Police arrested a University of Kentucky student who was caught on camera using a racial slur and physically attacking two Black students Sunday.
Police arrested Sophia Rosing, 22, who is white, just before 4 a.m. at a campus dorm on charges of intoxication in a public place, third-degree assault on a police officer, fourth-degree assault and second-degree disorderly conduct, according to an online record from the Fayette County Detention Center, which says she is being held on $10,000 bond.
Video of the assault, which circulated on social media Sunday, shows Rosing using a racial slur as she strikes at a woman who is working at a dormitory front desk. The student tries to restrain Rosing, who appears to be visibly intoxicated and struggles to stay standing in the video.
"Could you stop?" asks the victim, who was working an overnight shift at Boyd Hall, university President Eli Capilouto told students in an email Sunday. (The video is captioned "what I had to deal with at work.")
"Nope," Rosing responds.
"I do not get paid enough for this," the victim says, as Rosing calls her a racial slur.
"I got this all on video," says someone recording the assault.
The video then shows the first victim and another victim trying to place Rosing in a chair. Rosing tries to punch the second victim before she tries to kick the first victim; it is unclear whether she struck either.
The video ends showing a white male police officer handcuffing Rosing in the dorm as she continues to repeat the racial slur and struggles to remain standing.
Nobody answered at any of the phone numbers publicly listed under Rosing's name. A Facebook message to what appears to be her account also went unanswered.
The school is not identifying the victims because of federal privacy laws, a spokesperson said.
Late Sunday afternoon, the online jail record identified Rosing as "Jane Doe." A university spokesperson confirmed that Rosing was the student who was arrested.
In his email to students, Capilouto, the university president, said the student employee victim "acted with professionalism, restraint and discretion." The email also adds that the school's Office of Student Conduct has launched an immediate review of the assault and that its Student Success teams "are reaching out to the student victims who were subject to this behavior to offer support."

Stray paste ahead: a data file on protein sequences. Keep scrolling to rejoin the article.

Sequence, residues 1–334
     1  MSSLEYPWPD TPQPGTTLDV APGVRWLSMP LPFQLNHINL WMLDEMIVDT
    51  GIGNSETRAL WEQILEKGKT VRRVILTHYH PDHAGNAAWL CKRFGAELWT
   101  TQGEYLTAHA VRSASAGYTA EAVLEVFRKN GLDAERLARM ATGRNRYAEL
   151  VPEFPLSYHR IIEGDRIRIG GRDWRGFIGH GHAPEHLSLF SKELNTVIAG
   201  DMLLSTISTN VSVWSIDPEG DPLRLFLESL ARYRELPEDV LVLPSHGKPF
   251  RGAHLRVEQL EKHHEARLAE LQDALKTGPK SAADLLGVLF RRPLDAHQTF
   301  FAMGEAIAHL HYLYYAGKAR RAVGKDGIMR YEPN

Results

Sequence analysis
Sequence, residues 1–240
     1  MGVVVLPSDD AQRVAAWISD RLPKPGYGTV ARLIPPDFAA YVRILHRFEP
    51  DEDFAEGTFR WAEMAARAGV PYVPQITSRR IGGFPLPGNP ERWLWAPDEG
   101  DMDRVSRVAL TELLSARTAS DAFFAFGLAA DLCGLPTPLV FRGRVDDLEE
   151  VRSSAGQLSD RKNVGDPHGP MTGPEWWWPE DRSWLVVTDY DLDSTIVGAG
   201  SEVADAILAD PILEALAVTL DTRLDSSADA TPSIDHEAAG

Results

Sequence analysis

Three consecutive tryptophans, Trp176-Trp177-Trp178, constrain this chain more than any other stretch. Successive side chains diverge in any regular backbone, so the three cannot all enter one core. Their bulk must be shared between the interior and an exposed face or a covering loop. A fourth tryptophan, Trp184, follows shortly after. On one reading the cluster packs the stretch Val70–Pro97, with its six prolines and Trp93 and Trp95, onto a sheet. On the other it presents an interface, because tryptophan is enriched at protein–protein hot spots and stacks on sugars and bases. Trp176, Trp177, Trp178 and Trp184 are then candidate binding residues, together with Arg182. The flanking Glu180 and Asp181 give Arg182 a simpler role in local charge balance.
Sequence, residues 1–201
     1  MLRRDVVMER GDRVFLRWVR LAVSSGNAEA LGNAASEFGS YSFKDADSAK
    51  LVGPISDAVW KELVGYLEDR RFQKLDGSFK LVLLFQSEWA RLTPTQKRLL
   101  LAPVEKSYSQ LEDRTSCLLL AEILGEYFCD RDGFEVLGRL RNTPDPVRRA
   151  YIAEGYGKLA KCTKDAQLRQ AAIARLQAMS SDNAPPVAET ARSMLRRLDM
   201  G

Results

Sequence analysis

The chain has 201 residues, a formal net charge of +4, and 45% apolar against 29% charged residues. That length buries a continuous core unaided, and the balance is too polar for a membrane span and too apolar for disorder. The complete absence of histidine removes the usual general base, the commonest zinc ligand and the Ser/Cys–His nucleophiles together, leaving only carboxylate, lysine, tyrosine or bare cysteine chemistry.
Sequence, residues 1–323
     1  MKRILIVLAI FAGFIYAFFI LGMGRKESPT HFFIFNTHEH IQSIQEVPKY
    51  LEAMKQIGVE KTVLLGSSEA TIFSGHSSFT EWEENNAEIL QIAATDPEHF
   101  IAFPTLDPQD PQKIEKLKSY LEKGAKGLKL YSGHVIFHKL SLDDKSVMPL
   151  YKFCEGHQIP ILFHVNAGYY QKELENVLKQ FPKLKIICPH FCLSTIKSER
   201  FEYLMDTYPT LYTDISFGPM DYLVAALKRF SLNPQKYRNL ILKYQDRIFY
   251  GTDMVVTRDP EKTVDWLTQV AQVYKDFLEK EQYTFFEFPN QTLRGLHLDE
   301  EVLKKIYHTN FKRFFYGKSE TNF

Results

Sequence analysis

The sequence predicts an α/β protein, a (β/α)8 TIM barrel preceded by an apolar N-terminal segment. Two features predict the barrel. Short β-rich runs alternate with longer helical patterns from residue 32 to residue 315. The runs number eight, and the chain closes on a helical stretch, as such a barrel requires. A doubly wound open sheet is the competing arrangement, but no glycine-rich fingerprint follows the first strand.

"To be clear: we condemn this behavior and will not tolerate it under any circumstance," Capilouto said in the email, which promised to update students with more details as they become available. "The safety and well-being of our community has been — and will continue to be — our top priority."
Asked whether Rosing is still enrolled at the school, a spokesperson said officials “don’t speak to student disciplinary processes while underway” and added that officials “will be communicating with students and faculty tonight about the range of resources we provide and will be providing."
It is the latest in a string of racist incidents at the school that have targeted Black people.
In 2020, the university banned a basketball fan from all future sports events after she shouted a racist slur — the same one Rosing used — at a supporter of a visiting team. The fan — Ashley Lyles, who apologized in a statement to NBC affiliate WLEX of Lexington — was not a student, a university spokesperson said.
In the past, some students also complained about a mural on campus, dating to 1934, that depicted what some said were enslaved Black people. The mural was covered for more than a year as officials debated how to handle it before it was unveiled again in 2017 with a plaque next to it providing context about its history, concerns that had been raised about it over the years and how the university was working to ensure a more inclusive environment.
A spokesperson said that the university announced plans to remove it after the murder of George Floyd in 2020 and that the building that houses the mural has been closed since then.
In 2008, a University of Kentucky student and another man were arrested and accused of hanging a life-size likeness of President-elect Barack Obama from a tree on the campus, an act that university officials condemned. A grand jury declined to indict the pair.
In response to those reports, a university spokesperson pointed to the school's recent increase in enrollment of students of color — who now make up 16% of the student body, according to a September news release — and the school's ongoing diversity, equity and inclusion initiatives.